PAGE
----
I recently ran across this reflection about “popes” from Joseph Cardinal Ratzinger (B16, now Pope Emeritus)…
“We have grown accustomed to making a clear distinction between Peter the rock and Peter the denier of Christ—the denier of Christ: that is Peter as he was before Easter; the rock: that is Peter as he was after Pentecost, the Peter of whom we have constructed a singularly idealistic image. But, in reality, he was at both times both of these…. Has it not been thus throughout the history of the Church that the pope, the successor of Peter, has been at once Petra and Skandalon—both the rock of God and a stumbling-block? In fact, the faithful will always have to reckon with this paradox of the divine dispensation that shames their pride again and again.”1
I’m typically a “big picture” type of guy and I like taking the long view. One could take a long view of Judeo-Christian history in terms of leadership, like reviewing the “good” vs. “bad” kings of Israel and then the “good” vs. “bad” popes of Church history. Seems to me we’ve had a pretty good run of popes in the past 100 years or so with the current papacy in a TBD category or perhaps “stumbling-block under construction”.
But another interesting way to look at Church history is via the history of heresy. I have a comprehensive list of all the major heresies courtesy of study materials from “Epic: A Journey Through Church History” and there seems to be a trend of sorts.
In the early Church (2nd & 3rd centuries) a major theme in heresy had to do with the nature of God:
- Gnosticism – Matter is evil and spirit is good; God is the creator of heaven (good), not earth (evil).
- Modalism – Denied the separate Persons of the Trinity.
- Monarchianism – God is one Person, not three.
During the 4th – 7th centuries a major theme had to do with the nature of Jesus:
- Arianism – Denied the divinity of Christ. Jesus was a created being.
- Nestorianism – Christ is two persons (divine and human) and only the human person was in the womb. Therefore, Mary is not the Mother of God
- Monothelitism – Christ has only one divine nature and therefore one divine Will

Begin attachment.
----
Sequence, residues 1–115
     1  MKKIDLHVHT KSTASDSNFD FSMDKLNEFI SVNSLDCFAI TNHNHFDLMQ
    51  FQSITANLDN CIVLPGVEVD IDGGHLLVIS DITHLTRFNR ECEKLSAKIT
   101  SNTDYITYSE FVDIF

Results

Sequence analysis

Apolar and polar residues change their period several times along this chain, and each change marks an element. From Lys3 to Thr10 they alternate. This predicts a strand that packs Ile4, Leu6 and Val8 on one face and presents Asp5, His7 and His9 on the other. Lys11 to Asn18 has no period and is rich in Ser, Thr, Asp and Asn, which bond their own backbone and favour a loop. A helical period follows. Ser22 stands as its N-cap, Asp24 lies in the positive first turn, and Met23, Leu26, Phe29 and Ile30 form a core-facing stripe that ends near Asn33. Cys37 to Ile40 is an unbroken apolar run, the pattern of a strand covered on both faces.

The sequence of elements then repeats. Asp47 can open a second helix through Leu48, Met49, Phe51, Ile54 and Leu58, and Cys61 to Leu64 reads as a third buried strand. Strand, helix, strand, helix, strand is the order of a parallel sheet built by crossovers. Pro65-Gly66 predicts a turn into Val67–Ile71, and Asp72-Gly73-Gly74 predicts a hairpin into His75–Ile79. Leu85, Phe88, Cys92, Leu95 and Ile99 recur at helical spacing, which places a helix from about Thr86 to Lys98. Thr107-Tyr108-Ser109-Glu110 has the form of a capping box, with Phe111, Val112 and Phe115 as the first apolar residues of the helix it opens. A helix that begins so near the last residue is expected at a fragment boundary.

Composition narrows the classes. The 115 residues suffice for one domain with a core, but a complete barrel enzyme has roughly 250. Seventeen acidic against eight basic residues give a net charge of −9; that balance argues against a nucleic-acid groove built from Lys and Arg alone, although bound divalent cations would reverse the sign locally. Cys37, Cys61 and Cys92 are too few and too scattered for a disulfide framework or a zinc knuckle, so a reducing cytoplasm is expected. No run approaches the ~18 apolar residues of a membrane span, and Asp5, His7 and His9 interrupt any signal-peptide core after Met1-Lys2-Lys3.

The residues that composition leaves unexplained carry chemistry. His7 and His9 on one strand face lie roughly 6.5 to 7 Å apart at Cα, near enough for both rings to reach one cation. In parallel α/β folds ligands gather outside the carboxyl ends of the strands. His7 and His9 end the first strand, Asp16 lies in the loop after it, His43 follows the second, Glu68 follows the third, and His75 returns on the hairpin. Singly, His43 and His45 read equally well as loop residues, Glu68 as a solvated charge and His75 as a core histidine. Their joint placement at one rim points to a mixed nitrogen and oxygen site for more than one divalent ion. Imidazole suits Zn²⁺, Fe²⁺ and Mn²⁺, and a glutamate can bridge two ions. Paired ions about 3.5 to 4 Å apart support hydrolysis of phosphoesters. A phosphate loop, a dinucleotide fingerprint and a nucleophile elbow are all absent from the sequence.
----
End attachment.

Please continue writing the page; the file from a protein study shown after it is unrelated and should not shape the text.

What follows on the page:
Moving on to the 14th– 16th centuries a major theme had to do with the nature of The Church:
- John Wycliffe – Denied Transubstantiation, papal authority; predecessor to Protestantism
- Jan Hus – Denied Sacred Tradition as part of the Deposit of Faith; predecessor to Protestantism
- Protestantism – Scripture alone, faith alone, denied papal authority, free will, sacrificial nature of the priesthood, sacraments, etc.
Seems that heresy in today’s postmodern world has a lot to do with the nature of man
- Modernism – Faith and reason are opposed; an anti-Catholic worldview
- Relativism – Right and wrong are relative to the individual or culture
- Absolute Autonomy – BYOG…Be your own god!
Note: How ironic that even the question “What is the nature of man?” is seen as sexist and will invoke a politically correct reaction relating to the very problem it asks about.
Being more specific about heresy in our day and age, I think it’s fair to say that almost all dissent from Catholic teaching involves what it means to be human in terms of human life and human sexuality. Abortion, euthanasia, artificial fertilization methods, homosexuality, marriage confusion, gender confusion, contraception, women’s ordination, fornication, divorce and remarriage all relate to what it means to be human, both male & female.
If you’ve been concerned about things the Pope and other Church leaders have said or written lately, like “Who am I to Judge?” or the now infamous footnote #351 of Amoris Laetitia, you might also be concerned about what is not being said or written in the face of modern heresy; sometimes the silence is deafening. Instead of boldly speaking Truth to power consistently, lovingly and intelligently, some leaders seem to be compromising the ideals of Catholicism by softening the hard lines of Catholic moral teaching with respect to what it means to be human.
The Church councils of the past addressed the heresies of the past and the Nicene Creed we say at each Mass reflects the clarity which was ultimately achieved:
- I believe in one God…(clarity about the nature of God)
- I believe in one Lord Jesus Christ… (clarity about the nature of Jesus)
- I believe in one, holy, catholic, and apostolic Church…(clarity about the nature of the Church)
It’s also no coincidence that the very first pillar of the Catechism of the Catholic Church teaches at great length about the creed, since it is foundational for the other three pillars.
The Church can be very clear when she wants to be. Maybe one day there’ll be a new council and then a new section to the creed all about the nature of man. In the meantime, what are we to do? I’m not exactly sure, but I do know this much…“Faith in the one, holy, catholic, and apostolic Church requires us to soldier on, minding our consciences, upholding the truth out of love, and avoiding evil and false doctrine.”2
- Joseph Cardinal Ratzinger, Co-workers of the Truth: Meditations for Every Day of the Year (San Francisco, CA: Ignatius Press, 1992) p. 208.
- Richard Rex, First Things [Website], “A Church in Doubt”, (1 April 2018), Site address: https://www.firstthings.com/article/2018/04/a-church-in-doubt